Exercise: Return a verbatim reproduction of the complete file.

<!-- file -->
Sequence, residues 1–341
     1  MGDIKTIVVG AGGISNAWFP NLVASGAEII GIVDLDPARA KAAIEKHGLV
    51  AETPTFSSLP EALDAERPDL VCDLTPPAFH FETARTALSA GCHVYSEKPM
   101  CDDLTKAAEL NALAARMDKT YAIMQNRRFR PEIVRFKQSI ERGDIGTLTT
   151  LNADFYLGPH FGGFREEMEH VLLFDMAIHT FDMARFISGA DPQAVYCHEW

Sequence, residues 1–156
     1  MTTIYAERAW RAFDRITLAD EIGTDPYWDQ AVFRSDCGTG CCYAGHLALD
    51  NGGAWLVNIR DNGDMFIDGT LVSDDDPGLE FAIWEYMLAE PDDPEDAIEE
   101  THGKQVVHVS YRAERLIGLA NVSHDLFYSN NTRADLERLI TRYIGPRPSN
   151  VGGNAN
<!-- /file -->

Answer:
Sequence, residues 1–341
     1  MGDIKTIVVG AGGISNAWFP NLVASGAEII GIVDLDPARA KAAIEKHGLV
    51  AETPTFSSLP EALDAERPDL VCDLTPPAFH FETARTALSA GCHVYSEKPM
   101  CDDLTKAAEL NALAARMDKT YAIMQNRRFR PEIVRFKQSI ERGDIGTLTT
   151  LNADFYLGPH FGGFREEMEH VLLFDMAIHT FDMARFISGA DPQAVYCHEW

Sequence, residues 1–156
     1  MTTIYAERAW RAFDRITLAD EIGTDPYWDQ AVFRSDCGTG CCYAGHLALD
    51  NGGAWLVNIR DNGDMFIDGT LVSDDDPGLE FAIWEYMLAE PDDPEDAIEE
   101  THGKQVVHVS YRAERLIGLA NVSHDLFYSN NTRADLERLI TRYIGPRPSN
   151  VGGNAN